Taking into account the role of gut microbiota in modulating the immune system, it is quite interesting to find many Paris- based labs are dedicated in studying this interaction and also their relation to disease conditions.
Geographically speaking, the south of Paris (and the banlieue) harbour research groups committed in working on deciphering the interaction of microbiota and immune system.
We start with the 15th precinct, at the Imagine Institute where we study the role of an immunologically important bacterium called Candidatus arthromitus. Our lab in collaboration with Pasteur Institute (also in the 15th) and other labs showed that Candidatus arthromitus induces a specific Th17 and IgA response and plays a major role in educating the natal immune system. Furthermore, Pasteur Institute is the host of an yearly conference aimed at bringing together researchers studying the microbiota-host mutualism and parasitism, and focused on the new models and approaches to explore this relationship and this year it was called the “Modeling the Mammalian Microbiota Host Superorganism” in the month of October.
Then in the 14th precinct, there is the renowned Cochin Institute , which houses some groups studying the host interactions with bacteria and parasites. Groups exploring the interaction of MAIT cells in the relation to metabolic disorders, the influence of gut microbiota on the colonisation of Group B Streptococcus during early life stages, also other groups studying bacterial and parasitic entry, replication and intracellular fate of microorganisms. And now, we see a rapid shift to focus on the gut commensals. Institut Cochin in collaboration with INSERM, French National Institute of Health and Medical Research, also recently organised the conference “Microbiota in Host Health and Disease: from Correlation to Causality” with the objective to understand the cross-talk between the microbiota and the host immune system and in finding ways to take advantage of the microbiome for therapeutic needs. A variety of talks explained that close interactions between various cell-types, additionally, microbes in this niche produce metabolites in a balanced fashion. Furthermore, in the future, probably, evaluation of the metabolite spectra would help us to identify disease conditions.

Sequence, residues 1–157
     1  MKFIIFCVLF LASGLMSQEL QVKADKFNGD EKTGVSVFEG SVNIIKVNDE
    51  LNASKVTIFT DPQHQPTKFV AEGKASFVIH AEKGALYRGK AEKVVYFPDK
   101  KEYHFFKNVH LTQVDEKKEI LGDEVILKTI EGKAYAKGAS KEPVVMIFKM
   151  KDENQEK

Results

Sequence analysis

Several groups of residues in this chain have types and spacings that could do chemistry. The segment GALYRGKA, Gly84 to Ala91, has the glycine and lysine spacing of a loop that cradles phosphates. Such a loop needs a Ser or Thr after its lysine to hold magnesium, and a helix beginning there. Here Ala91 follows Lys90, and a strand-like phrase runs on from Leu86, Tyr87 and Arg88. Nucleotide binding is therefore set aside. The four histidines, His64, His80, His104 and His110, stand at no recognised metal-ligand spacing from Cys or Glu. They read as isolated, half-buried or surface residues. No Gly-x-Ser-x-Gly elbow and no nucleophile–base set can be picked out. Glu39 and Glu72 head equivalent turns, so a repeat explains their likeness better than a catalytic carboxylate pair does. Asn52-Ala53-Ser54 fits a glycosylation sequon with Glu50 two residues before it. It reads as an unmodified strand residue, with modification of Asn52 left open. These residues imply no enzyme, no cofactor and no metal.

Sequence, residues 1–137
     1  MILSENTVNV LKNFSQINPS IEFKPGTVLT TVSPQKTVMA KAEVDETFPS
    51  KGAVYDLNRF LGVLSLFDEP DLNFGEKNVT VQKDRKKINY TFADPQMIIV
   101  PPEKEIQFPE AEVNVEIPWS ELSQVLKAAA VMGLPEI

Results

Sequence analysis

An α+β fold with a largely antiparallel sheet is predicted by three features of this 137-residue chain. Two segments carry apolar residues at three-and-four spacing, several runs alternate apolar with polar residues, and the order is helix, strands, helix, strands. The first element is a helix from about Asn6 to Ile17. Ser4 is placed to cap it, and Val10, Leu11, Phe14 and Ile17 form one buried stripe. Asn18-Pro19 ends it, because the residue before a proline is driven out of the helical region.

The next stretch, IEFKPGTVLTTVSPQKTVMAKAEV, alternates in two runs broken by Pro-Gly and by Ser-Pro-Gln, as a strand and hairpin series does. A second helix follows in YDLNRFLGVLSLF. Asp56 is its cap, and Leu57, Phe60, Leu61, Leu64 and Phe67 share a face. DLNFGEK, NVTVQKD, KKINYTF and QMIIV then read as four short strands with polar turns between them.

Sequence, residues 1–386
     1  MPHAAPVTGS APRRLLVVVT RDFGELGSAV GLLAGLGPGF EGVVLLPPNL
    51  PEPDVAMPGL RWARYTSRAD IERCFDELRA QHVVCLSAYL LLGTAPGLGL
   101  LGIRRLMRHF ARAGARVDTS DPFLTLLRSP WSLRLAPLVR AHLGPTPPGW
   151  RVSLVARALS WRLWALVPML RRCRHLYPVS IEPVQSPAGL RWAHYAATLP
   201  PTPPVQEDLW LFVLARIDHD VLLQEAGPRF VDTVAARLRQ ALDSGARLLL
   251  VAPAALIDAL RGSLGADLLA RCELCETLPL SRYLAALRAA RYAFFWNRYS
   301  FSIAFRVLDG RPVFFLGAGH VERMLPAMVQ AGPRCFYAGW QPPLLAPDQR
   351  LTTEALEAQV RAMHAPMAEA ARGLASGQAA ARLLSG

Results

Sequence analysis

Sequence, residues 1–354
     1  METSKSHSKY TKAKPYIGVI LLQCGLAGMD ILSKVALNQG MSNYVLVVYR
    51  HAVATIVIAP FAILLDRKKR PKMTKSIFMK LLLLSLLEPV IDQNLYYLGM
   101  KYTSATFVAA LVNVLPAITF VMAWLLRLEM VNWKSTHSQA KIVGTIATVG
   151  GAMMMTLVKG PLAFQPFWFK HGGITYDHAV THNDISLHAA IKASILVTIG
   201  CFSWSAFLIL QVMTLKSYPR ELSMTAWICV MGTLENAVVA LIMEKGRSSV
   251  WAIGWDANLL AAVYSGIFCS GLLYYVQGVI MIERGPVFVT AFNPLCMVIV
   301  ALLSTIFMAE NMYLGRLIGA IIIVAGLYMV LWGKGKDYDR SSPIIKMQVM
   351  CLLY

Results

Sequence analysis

While, in the 13th precinct, we have the Institute of Cardiometabolism and Nutrition, working on bringing microbiome based-therapies from labs to bedside. One of their researchers, is the head of the European Union-funded project known as “MetaCardis” investigating the relationship between cardiovascular diseases and the gut microbiota, with the main investigatory methodology is metagenomics in context with the use of clinical and experimental studies. The Metacardis project brought in clinicians and scientists together to better understand the patient disorders and find solutions to judiciously control such-maladies. They too lately hosted the Metacardis conference, where they were introduced to quite a few associative studies, monitoring the changes in the microbiota and disease conditions, associated markers, immune responses and possible treatment options.
If we talk about the microbiota and metagenomics, I have to definitely mention, the Micalis Institute, just outside Paris, studying the interaction of man-microbes leading to personalized preventive nutrition and precision medicine. Groups from this institute were part of the MetaHit consortium, which partnered projects like the International Human Microbiome Standards,EvoTAR and MetaCardis and also gave rise to start-ups like Enterome based in Paris and MaaTPharma at Lyon. While the former start-up is involved in creation of novel innovative therapeutic approaches (drugs and biomarkers) to help a personalized medicine for microbiome-related diseases and the later aims to provide safe and standardized microbiotherapies for the restoration of host-microbial symbiosis in the context of programmed clinical interventions in case of dysbiosis.
As I stated before, scientist all over the world are realising the importance of the microbiota and their interaction with the immune system. Various studies have shown the association between disease condition and microbial flora, people are now also involved in deciphering the mechanistic nature of this association. Thus, Parisian scientists are rapidly joining (have been part of) this line of work with full force. Moreover, they are committed in developing new therapeutics using microbiota-based products and searching for metabolite markers for diagnostic purposes, although, they would still need predictive models to better understand the fate of microbial products in the natural host environment.